With the Mustang there was a tool to try a "fix" the problem......
Years ago the late 60's early 70's had a better one for the plugs, Pontiac wagon wiht the big V-8 ...to change the RH rear plug the chimps required the engine to be jacked up (engine mounts disconnected) and lots of skin removed from the nuckles.
My fix was a 1" hole in the wheel well and rubber plug to close the hole after the job was 'completed. Using a long extention and flex the replacement was completed in a few minutes.
I'm surprised that Ford didn't learn from past mistakes. Years ago, I had a 1970 Mustang with a 350 'Cleveland' engine. The spark plugs were smaller than normal plugs and instead of using a flat seat with a crush ring they used a tapered seat. This design virtually guaranteed that at least one of the plugs would break in half during removal. This left a threaded metal barrel and half an insulator stuck in the cylinder head. There was no easy fix short of removing the head.
Message to the auto industry: If there's a proven workable design for an automotive component, don't change it only for the sake of change.
the last few tankfuls of gas, use a lot of fuel injector cleaner. You may even be able to remove the air filter, place the fuel injector cleaner into a spray bottle, and spray into air duct as you bump the car over. I would suggest not spraying into duct when car is running as there might be a possibility that it coud catch fire. Might be remote chance, but better safe than sorry. Besides, you want to coat the plug, not burn off the cleaner. Let the care sit for a couple of hours. That may loosen the carbon. Can also consider using a high grade of penetrating oil like Aero Kroil, sprayed into air duct as you just bump the car over. Let sit for a couple of hours. Just a thought...Might be worth a try as opposed to handing your $ out to a mechanic. Also, do you know that when you remove stuck bolts, you cycle your turning out then in then out, etc. Screw out till you cannot turn anymore. Then back in. Then back out and you will gain a little more. Repeat until bolt or plug is out. This method allows the loosened rust or in this case the carbon a chance fall off the threads instead of just jamming between bolt (plug) and female threads.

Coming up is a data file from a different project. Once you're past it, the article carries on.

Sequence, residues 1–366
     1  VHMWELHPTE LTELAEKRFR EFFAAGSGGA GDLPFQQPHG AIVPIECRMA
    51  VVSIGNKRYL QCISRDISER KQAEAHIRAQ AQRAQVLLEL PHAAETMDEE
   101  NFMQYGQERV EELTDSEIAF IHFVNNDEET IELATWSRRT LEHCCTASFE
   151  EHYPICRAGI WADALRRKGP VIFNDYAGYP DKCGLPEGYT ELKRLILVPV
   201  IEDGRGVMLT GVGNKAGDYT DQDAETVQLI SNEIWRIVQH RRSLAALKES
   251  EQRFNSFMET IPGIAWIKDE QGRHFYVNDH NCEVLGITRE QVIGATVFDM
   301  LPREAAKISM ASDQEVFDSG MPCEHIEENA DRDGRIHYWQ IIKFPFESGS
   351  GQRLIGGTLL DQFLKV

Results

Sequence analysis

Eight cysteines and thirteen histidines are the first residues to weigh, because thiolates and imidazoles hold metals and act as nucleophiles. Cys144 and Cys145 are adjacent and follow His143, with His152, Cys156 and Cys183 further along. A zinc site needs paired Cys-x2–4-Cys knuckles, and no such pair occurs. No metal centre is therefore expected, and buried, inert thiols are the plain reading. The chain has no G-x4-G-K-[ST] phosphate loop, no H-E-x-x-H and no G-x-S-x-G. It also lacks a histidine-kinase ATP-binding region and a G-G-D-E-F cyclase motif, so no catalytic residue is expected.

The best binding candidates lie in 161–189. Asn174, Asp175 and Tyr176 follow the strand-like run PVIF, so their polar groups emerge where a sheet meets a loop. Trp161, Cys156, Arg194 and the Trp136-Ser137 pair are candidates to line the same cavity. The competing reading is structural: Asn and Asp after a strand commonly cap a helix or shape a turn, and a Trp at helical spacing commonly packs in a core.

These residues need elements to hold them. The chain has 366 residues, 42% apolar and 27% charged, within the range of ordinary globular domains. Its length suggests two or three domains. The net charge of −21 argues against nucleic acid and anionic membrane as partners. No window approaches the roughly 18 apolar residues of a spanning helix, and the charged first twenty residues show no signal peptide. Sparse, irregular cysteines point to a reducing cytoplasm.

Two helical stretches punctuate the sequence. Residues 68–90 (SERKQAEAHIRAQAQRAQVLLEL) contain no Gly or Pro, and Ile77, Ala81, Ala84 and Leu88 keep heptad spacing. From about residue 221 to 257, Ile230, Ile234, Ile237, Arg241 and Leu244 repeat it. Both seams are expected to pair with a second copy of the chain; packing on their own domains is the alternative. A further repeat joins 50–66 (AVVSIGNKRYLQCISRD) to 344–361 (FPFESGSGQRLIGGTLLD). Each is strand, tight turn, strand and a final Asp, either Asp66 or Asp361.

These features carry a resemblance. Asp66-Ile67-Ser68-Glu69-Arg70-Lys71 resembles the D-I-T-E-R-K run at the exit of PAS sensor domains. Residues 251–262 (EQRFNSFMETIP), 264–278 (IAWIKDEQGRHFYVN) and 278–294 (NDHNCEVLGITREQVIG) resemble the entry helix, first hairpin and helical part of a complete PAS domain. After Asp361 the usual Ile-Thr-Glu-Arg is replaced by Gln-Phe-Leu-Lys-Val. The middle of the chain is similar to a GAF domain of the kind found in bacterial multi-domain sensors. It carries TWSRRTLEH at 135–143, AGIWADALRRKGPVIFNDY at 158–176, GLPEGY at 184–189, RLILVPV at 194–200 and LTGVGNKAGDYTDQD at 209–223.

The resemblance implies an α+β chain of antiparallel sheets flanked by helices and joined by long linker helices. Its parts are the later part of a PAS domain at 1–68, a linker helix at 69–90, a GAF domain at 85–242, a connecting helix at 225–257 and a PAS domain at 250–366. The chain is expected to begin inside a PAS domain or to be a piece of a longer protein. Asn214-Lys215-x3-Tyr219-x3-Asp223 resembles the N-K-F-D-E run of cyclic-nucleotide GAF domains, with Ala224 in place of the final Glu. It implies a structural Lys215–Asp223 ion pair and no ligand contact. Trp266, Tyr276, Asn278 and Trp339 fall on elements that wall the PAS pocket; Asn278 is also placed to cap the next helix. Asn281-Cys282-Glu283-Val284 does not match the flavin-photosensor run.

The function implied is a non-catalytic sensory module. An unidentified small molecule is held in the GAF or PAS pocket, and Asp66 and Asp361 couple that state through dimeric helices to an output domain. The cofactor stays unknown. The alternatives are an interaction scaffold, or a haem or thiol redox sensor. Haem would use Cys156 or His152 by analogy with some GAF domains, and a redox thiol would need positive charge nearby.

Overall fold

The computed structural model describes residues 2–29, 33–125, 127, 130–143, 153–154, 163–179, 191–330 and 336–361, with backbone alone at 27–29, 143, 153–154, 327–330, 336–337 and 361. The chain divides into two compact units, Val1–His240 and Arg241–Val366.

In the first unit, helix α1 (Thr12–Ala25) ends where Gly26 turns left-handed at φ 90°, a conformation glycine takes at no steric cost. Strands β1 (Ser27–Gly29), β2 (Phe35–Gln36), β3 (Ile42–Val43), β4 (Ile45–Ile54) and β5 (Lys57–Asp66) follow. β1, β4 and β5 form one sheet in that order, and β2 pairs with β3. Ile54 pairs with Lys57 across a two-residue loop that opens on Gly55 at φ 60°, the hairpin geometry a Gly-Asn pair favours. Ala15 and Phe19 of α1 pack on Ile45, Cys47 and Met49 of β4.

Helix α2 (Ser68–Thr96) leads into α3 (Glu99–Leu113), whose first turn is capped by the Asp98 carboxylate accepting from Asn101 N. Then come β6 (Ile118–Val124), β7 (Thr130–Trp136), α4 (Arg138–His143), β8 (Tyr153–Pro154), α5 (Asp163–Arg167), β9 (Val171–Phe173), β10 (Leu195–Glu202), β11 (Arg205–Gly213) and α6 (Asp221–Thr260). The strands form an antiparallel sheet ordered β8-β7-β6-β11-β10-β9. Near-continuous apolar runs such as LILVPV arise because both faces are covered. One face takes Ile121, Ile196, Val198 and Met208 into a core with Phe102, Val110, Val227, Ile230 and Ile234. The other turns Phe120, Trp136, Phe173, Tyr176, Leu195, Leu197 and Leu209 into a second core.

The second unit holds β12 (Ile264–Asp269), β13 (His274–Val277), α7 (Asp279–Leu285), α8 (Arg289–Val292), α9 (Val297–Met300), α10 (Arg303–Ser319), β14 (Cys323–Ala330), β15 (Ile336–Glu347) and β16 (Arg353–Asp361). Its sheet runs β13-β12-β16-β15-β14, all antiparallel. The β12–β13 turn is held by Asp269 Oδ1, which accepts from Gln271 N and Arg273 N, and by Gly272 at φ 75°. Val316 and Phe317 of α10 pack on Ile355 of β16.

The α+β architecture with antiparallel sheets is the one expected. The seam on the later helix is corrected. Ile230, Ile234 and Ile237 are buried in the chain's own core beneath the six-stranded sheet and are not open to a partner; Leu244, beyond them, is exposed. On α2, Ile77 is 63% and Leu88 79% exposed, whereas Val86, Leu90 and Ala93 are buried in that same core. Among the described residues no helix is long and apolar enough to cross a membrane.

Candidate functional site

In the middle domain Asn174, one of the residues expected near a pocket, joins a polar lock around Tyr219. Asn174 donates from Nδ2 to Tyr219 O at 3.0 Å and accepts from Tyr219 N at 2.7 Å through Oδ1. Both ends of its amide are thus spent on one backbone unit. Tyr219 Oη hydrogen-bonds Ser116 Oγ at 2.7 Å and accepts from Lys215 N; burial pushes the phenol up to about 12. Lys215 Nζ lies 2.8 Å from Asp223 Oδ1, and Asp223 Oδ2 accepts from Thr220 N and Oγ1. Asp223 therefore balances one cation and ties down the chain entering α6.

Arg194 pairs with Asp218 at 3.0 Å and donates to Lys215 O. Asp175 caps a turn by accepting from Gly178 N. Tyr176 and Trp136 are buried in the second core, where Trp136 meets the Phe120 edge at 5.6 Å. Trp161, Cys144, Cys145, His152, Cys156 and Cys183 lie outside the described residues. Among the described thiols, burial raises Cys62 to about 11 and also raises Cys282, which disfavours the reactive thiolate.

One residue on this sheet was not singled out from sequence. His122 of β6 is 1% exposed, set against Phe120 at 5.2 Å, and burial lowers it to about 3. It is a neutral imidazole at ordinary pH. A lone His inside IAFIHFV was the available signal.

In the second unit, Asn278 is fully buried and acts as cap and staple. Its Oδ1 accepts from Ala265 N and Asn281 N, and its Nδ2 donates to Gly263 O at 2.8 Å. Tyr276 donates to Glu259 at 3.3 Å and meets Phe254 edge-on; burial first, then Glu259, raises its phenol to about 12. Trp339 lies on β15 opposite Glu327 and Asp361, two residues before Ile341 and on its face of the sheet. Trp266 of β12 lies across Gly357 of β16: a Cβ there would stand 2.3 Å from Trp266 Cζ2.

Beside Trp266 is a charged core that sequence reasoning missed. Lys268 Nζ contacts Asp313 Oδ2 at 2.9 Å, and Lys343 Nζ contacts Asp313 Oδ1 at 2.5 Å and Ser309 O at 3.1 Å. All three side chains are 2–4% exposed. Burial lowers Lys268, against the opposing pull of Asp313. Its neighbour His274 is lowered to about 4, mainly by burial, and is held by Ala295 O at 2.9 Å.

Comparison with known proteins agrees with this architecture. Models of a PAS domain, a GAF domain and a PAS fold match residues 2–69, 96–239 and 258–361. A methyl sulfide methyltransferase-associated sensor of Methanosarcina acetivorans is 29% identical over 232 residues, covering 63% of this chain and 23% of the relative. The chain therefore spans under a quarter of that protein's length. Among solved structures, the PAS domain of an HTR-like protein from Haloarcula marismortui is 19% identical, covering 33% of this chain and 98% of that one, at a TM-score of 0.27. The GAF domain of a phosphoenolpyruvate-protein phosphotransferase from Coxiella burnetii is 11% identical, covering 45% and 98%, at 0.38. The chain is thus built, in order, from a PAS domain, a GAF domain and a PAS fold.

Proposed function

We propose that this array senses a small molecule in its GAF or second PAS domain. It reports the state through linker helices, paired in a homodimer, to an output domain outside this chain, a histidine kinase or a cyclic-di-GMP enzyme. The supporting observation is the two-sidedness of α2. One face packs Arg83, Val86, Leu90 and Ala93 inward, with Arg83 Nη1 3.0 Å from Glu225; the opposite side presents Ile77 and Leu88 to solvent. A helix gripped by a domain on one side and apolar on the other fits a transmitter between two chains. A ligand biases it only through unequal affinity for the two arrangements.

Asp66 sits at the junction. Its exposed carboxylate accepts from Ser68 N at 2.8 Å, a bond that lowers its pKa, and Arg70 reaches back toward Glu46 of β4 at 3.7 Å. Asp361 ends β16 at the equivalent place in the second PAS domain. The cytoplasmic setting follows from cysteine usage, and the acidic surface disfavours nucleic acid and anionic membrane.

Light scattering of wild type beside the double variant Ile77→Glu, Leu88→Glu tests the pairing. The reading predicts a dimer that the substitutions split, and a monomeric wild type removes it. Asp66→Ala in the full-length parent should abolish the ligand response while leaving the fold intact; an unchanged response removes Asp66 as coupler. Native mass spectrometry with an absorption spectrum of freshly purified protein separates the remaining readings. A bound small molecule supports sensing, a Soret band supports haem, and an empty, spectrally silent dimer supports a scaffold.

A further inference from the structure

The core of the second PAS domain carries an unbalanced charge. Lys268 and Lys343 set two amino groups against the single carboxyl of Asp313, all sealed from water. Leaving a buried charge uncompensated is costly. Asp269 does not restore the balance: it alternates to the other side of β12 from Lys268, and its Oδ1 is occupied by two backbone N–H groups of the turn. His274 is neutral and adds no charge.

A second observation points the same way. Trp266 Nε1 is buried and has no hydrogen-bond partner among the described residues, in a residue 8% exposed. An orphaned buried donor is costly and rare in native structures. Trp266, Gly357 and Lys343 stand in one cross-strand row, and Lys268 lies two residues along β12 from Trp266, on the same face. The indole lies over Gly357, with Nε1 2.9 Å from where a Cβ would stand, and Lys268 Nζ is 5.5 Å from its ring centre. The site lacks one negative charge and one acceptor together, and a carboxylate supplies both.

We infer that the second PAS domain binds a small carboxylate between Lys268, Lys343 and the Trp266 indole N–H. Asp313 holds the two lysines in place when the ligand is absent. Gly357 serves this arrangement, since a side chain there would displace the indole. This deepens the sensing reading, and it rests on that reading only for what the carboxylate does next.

> The monkeys have provided a fix in the form of a special tool
> to remove the broken threads.
So buy the tool and get on with your life. The first use will pay for itself and likely you won't own the car before it needs to be done again. I just put a second set of plugs in my pickup at 150K, and I doubt it will run another 150K to worry about doing it again. Often in cases like this there are OEM or aftermarket replacments that circumvent issues like these, so that may be another option.
I have an 02 Ford F150 that typically has plenty of room under the hood to do repairs. The sparkplugs are an exception. It is necessary to remove the power steering fluid resevoir to get to one and the two in the rear of the engine require a little magic to get the plug out without killing your knuckles.
Yes, spark plugs do last a long time under normal conditions. Unfortunately, though, if you suffer a deffective ignition coil assembly or a failed high voltage plug wire, one or more plugs can become quite fouled, and need to be replaced, or at least cleaned. Those two failure do still happen, and so the poor design choice will cause some to suffer. A reliable pre-emptive fix would be to remove the plugs while the car is new and they don't yet have any buildup on the threads, and grind off those threads that would be inside the cylinder head. This would remove the potential problem, but, of course, a very wise choice will be to consider the possible unintended consequences. I am not aware of any problems that would be caused by the thread removal, but it is possible that the plugs would be more difficult to start innthe head, and that the effective heat range of the plug may change. There kmay be additional cautions that I ammnot aware of.
One huge automotive advance over the past few decades is that spark plugs last nearly forever. Remember changing them every few months? Now that we almost never have to change them, we pretty much can't change them. And of course, the shops are charging nearly a paycheck to change a stupid set of spark plugs.
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